Chase stepped back from his telescope on board his ship, shocked. He couldn’t believe what he had seen. He pressed his eye against the cold glass again and there it was-- the coastline of an enormous island, lush jungle trees just visible.
“Going about to starboard!” he shouted, gesturing to his right, the direction of the coast of the island. The water to that side of the ship didn’t look promising, but he needed to investigate this island.
A few of his crewmates look at him strangely. “Isn’t that a cloud?” one of them asked. “We should sail away from cloud banks, not toward them.”
“No, Tanner,” Chase said. “It’s land! A huge island!”
“Really?” Tanner asked.
“Yes, really,” Chase said. He was getting tired of arguing with his crewmate. “I’m the captain of the Poseidon here, right?”
Tanner hastily realized that arguing might not be a good idea. “Okay, it’s land!” he said. “But couldn’t it be Africa?”
Chase considered that. “Possibly,” he conceded. “But this seems bigger and not the right shape to be Africa.”
-three days later, en route to the island-
Poseidon crashed through an even larger wave. The crew bailed her out frantically, but as soon as it seemed they were done, the ship would break through the crest of another wave. There was no rest for the crew, but Chase was convinced that whatever was on this island was worth the bad weather. Now though, seeing the angry gray clouds race above the mast of his ship, he wasn’t entirely sure of himself. He saw another wave coming and braced himself. His ship rode it easily, his crew less so. Two were already seasick, but luckily he couldn’t hear them over the wind and pounding rain.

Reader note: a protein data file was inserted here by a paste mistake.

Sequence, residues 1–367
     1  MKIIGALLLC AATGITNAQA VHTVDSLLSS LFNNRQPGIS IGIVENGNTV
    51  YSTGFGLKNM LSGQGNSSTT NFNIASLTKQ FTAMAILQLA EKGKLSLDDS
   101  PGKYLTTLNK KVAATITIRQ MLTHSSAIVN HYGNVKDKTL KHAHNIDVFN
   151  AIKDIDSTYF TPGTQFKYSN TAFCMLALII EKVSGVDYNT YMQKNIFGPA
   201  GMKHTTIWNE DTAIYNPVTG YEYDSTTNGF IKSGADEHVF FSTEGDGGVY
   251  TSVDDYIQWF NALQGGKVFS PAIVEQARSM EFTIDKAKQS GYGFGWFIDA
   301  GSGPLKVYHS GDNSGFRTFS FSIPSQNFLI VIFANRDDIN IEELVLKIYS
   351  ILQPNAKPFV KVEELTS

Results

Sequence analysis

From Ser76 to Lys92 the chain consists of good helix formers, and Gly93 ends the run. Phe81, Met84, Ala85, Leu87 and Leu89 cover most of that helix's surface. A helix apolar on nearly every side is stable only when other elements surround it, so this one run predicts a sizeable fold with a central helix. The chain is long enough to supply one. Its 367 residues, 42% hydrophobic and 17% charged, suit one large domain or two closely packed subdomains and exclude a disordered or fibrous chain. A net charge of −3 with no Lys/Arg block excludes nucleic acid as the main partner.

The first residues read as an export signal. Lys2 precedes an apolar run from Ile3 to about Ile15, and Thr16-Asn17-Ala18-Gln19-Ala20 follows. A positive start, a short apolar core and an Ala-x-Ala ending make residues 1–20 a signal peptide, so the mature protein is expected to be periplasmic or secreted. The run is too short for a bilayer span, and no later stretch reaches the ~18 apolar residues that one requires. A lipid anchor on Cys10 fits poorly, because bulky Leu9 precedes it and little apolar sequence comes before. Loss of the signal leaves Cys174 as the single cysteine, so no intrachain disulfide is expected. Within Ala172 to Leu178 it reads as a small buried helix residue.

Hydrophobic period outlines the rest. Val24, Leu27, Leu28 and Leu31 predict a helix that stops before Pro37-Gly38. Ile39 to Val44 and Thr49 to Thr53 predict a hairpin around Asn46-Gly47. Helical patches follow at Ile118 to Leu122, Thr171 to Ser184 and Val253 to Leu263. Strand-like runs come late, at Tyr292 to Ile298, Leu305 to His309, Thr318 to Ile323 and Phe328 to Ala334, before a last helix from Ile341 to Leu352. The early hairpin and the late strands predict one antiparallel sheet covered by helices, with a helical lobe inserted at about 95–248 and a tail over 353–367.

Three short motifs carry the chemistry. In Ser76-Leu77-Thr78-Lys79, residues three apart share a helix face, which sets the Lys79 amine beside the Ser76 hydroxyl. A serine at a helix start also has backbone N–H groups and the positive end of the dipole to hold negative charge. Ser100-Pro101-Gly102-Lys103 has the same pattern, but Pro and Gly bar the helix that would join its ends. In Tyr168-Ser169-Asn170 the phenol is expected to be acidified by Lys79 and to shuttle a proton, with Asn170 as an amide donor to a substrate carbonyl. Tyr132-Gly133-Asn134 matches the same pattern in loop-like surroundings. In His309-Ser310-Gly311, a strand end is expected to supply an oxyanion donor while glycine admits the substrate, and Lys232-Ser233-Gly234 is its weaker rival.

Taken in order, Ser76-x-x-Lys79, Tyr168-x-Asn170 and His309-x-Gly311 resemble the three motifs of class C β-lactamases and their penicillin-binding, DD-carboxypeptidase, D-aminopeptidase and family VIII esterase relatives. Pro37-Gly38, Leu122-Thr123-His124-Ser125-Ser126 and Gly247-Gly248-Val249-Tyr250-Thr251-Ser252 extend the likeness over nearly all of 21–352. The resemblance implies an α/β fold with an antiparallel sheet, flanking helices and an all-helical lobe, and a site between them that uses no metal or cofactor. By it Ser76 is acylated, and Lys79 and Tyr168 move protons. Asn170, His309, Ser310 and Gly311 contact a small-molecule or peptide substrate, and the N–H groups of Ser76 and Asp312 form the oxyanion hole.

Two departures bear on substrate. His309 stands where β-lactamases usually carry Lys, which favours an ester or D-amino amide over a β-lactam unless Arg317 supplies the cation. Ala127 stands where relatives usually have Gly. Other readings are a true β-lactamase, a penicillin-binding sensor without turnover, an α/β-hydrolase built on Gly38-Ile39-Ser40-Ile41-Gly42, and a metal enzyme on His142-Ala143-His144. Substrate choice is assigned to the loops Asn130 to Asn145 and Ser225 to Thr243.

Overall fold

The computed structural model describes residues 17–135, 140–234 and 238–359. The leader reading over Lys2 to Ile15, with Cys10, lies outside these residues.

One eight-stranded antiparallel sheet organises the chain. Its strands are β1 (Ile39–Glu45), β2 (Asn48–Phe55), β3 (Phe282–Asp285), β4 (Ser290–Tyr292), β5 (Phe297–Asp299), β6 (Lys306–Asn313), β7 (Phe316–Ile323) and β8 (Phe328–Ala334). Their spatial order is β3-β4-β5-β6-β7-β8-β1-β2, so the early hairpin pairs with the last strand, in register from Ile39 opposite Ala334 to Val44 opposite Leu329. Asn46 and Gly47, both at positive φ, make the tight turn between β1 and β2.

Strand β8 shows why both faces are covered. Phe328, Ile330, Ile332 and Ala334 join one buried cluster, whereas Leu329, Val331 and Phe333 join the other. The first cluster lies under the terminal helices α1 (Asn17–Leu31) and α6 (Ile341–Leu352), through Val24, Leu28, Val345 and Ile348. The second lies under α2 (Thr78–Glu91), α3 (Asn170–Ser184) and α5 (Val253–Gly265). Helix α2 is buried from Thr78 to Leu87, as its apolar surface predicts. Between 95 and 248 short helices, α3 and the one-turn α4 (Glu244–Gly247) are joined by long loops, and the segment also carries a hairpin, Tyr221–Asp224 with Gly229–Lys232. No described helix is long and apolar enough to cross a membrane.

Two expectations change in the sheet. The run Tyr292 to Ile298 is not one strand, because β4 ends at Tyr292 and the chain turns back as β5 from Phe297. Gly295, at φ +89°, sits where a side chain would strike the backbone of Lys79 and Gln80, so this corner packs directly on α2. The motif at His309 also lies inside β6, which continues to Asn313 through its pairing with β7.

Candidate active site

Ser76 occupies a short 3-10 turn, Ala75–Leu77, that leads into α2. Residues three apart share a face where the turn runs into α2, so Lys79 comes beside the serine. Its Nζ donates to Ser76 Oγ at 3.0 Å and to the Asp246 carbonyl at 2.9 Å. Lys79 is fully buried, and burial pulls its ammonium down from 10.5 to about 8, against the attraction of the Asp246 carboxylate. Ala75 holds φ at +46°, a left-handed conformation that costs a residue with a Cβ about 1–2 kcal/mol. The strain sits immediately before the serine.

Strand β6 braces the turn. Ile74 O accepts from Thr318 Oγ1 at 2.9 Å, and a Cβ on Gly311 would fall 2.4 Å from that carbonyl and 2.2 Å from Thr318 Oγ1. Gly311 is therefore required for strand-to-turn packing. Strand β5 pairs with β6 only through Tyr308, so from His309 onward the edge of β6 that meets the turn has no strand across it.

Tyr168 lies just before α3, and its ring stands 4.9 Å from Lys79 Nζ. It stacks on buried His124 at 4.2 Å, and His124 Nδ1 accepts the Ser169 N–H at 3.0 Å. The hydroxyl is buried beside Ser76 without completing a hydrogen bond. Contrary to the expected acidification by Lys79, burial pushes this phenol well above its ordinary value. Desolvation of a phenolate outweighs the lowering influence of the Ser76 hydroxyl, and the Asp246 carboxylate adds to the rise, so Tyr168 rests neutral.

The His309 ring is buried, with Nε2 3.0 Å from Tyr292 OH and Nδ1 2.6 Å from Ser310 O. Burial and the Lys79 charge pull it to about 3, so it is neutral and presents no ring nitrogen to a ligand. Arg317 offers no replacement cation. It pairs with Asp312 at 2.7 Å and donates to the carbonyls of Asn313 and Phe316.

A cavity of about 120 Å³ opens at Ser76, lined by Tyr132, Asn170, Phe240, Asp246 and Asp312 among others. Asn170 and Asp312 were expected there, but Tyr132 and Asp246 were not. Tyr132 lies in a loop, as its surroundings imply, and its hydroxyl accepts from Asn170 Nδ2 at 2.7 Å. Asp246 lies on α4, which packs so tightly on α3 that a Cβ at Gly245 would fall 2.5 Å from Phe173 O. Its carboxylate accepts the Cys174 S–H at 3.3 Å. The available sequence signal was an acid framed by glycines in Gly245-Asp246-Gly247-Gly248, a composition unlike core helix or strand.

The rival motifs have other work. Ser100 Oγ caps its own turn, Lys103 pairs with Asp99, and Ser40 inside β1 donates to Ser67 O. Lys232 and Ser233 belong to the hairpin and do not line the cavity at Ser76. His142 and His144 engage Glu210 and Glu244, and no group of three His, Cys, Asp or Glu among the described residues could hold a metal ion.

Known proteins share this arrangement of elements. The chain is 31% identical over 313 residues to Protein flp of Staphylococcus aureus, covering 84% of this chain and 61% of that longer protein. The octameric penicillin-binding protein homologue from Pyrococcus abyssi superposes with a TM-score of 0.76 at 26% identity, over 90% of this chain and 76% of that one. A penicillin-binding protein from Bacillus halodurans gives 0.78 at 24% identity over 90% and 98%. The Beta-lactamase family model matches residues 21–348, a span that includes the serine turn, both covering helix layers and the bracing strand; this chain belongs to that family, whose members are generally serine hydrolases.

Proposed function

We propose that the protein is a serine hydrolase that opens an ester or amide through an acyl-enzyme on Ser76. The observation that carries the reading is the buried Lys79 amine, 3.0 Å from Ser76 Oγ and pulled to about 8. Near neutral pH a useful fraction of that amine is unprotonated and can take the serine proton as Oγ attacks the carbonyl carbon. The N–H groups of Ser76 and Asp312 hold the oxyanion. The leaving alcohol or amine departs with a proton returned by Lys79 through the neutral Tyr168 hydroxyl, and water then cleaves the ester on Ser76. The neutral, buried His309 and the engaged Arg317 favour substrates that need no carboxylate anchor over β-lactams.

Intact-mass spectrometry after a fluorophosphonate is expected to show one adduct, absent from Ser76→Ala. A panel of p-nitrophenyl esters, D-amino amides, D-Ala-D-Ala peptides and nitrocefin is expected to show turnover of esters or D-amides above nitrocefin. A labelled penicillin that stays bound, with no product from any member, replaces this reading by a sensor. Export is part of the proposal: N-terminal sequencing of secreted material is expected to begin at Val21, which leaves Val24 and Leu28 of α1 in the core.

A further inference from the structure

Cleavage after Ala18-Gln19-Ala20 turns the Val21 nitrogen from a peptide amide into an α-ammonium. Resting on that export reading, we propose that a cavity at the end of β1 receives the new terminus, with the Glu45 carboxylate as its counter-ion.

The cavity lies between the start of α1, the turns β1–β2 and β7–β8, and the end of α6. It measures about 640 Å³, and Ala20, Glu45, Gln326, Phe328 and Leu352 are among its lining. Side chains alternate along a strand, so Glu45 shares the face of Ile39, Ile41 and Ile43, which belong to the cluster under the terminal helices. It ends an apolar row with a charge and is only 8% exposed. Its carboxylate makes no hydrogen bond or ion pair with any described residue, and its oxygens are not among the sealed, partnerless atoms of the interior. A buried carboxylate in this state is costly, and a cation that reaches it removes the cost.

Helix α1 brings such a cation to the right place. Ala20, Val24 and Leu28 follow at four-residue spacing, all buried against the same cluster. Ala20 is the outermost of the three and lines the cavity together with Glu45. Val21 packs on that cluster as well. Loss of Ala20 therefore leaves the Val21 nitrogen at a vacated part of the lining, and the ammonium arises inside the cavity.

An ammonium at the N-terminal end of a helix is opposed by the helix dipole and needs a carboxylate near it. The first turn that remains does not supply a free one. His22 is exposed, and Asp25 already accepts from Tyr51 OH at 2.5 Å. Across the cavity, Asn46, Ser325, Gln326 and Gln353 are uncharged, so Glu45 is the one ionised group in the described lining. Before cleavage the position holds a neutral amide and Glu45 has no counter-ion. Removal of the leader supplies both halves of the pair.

They had hit this storm a day prior. It had been smooth sailing most of the way, the stiff wind being not much of a problem. But then they hit this storm and the ship was struggling to stay in one piece, the wind was so strong. The good thing was that the wind was now in exactly the right direction, blowing Poseidon straight for the island Chase had seen.
Chase turned his attention back to the present as the ship lurched suddenly under his feet. He quickly saw why. They had entered a bay about a quarter mile away from the part of the coast Chase had seen and the ship had hit a rock under the water. The impact was a solid one. He thought his ship could hold itself together for long enough, but he was proven wrong. They were barely forty feet away from the shore when the ship hit another rock and split almost cleanly in two.
As he fell, Chase shouted to the others. “SWIM! Get to the shore!” He had to fight to make himself heard, but he saw several of them nodding acknowledgement.
He stopped thinking about it as he hit the water. It nearly knocked the breath out of him, but he found his rhythm quickly, swimming strongly to the shore.
He waded out of the bay dripping, but it was hard to notice since he had already been soaked from the rain. He noticed a huge tower of stones and wondered, Are there other humans here?
He was exhausted though, so he didn’t think more about it for the evening. He saw a cave lined with seaweed and feathers and crawled into it to sleep.
In the morning, Chase woke up early. He noticed a post of some sort next to him and was confused. It was white, shaggy, and somewhat lumpy. He looked on the other side and saw another one. Seeing no answers in those directions as to what the posts were, Chase looked up and nearly shouted. He was looking into the face of a pure white horse with a gray mane and tail and a scar on his forehead. Chase swung his gaze to the horse’s back and was further astonished. The white horse had large and powerful-looking wings with cadet blue feathers.
Therefore it was not a horse. It was a pegasus.